Throughout Europe up to latitude 60° north. Especially in England it has been cultivated for centuries because of its significance fro making bow staves and as a protective tree for small game. This is why there are still large stands in England today and the reason for the country being the main supplier of yew logs. Because of its small dimensions and being very susceptible to defects such as knots, inner checking and calcareous deposits, wood suitable for slicing is very rare and correspondingly expensive. In Germany Yew is protected by preservation rights. Largest known occurrence is in the municipal forest of Bansa Bystrizia (CSFR) with apx. 300,000 trees. All components of the tree are poisonous except for its red fruit cups. The bark of the taxus brevifolia ( USA) is said to heal cancer.
Sapwood and heartwood are clearly defined. The heartwood is brownish, red-brown to orange–brown. Required in the veneer is so-called pepper. These are tiny dots in the veneer arranged in a pattern, ideally in clusters. The annual rings are very narrow and occur as broad and deep, dark annual zones.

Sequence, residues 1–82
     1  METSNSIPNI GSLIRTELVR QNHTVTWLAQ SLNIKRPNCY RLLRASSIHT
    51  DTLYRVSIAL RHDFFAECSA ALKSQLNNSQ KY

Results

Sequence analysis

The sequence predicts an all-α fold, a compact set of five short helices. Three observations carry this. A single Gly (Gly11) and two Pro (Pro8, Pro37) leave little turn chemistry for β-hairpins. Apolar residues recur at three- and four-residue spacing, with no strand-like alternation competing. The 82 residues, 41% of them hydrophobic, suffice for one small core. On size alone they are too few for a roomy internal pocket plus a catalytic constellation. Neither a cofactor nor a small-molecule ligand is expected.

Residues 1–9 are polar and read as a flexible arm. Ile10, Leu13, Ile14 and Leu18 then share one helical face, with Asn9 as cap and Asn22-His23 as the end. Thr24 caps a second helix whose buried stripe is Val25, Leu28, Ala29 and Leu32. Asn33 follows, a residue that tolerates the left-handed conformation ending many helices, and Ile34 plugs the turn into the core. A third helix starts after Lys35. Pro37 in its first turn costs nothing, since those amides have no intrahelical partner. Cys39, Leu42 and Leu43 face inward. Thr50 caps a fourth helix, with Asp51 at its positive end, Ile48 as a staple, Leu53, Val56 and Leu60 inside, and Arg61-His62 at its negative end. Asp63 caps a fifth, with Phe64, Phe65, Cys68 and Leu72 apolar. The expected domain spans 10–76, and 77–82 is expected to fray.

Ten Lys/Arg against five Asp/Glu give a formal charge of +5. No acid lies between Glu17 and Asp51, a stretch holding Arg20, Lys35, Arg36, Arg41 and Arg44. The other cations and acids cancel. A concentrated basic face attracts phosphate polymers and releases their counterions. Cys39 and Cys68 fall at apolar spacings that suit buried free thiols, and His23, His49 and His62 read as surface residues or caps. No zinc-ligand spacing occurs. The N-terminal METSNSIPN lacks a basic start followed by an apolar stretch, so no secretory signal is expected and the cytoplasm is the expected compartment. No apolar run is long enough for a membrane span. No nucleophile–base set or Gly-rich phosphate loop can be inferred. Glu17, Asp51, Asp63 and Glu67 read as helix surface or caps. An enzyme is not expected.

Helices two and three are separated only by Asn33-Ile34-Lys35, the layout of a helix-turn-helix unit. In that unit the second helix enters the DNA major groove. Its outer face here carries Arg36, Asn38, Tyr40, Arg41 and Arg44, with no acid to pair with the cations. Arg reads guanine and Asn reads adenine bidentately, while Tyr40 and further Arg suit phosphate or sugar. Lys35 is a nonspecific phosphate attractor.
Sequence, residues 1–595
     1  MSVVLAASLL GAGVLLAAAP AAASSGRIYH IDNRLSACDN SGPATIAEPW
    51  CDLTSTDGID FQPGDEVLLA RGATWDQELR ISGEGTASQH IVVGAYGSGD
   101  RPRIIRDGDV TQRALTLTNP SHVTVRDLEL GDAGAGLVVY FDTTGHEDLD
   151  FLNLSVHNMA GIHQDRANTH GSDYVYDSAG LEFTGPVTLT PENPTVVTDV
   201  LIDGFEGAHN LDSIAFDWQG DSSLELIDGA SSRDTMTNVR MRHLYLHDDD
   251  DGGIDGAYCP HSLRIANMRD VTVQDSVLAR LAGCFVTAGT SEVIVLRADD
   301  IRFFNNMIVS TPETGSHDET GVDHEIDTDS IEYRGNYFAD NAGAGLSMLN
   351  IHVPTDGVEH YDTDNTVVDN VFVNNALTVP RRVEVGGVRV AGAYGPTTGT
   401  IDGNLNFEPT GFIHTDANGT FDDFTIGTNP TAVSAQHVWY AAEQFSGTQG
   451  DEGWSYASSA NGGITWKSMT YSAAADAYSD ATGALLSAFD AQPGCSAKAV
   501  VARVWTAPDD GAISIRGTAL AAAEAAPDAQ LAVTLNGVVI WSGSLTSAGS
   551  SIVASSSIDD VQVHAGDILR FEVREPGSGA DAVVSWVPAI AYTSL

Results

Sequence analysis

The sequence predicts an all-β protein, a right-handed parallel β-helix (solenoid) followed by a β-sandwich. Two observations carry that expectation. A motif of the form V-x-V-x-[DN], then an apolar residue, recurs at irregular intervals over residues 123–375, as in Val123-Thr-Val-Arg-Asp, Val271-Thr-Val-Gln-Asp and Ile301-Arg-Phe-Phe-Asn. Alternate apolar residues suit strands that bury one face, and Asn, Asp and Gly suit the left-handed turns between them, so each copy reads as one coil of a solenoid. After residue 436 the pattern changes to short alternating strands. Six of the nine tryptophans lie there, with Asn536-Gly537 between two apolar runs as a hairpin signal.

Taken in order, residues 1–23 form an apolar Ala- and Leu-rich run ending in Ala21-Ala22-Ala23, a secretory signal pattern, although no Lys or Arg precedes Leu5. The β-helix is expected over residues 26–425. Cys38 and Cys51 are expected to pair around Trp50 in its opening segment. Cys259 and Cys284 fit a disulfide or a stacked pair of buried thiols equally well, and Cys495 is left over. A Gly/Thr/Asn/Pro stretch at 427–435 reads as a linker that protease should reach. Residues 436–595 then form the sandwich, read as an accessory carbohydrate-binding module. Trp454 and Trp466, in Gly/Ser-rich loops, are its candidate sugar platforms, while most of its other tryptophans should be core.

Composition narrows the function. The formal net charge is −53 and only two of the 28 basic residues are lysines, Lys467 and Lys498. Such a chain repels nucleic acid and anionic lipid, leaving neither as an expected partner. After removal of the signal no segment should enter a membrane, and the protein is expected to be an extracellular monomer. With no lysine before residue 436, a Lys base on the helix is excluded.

Yew can be easily and well machined with all tools. Planed surfaces are very smooth.
Due to its low shrinkage, Yew can be dried relatively free of tension.
Surface treatment take well.
Screw and nail joints hold well. Glue is only accepted to a certain degree on account of oily substances contained in the wood.
A very good and expensive veneer wood. Decorative and exclusive furniture often in the English style. Seldom possible to find clean, large surface veneer and thus often used as inlays to upgrade the value of furniture. Ideal wood also for high quality turneries and wood carvings.